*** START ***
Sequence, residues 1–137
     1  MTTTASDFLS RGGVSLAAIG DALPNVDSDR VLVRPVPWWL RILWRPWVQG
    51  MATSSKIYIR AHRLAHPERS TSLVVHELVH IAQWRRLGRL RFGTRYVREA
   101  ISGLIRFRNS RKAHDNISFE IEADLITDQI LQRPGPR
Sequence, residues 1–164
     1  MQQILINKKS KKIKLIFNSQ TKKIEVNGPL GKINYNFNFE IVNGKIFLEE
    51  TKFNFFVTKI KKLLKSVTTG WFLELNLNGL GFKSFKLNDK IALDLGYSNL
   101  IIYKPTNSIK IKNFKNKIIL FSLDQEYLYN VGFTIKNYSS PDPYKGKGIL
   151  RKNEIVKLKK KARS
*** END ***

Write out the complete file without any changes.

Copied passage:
Sequence, residues 1–137
     1  MTTTASDFLS RGGVSLAAIG DALPNVDSDR VLVRPVPWWL RILWRPWVQG
    51  MATSSKIYIR AHRLAHPERS TSLVVHELVH IAQWRRLGRL RFGTRYVREA
   101  ISGLIRFRNS RKAHDNISFE IEADLITDQI LQRPGPR
Sequence, residues 1–164
     1  MQQILINKKS KKIKLIFNSQ TKKIEVNGPL GKINYNFNFE IVNGKIFLEE
    51  TKFNFFVTKI KKLLKSVTTG WFLELNLNGL GFKSFKLNDK IALDLGYSNL
   101  IIYKPTNSIK IKNFKNKIIL FSLDQEYLYN VGFTIKNYSS PDPYKGKGIL
   151  RKNEIVKLKK KARS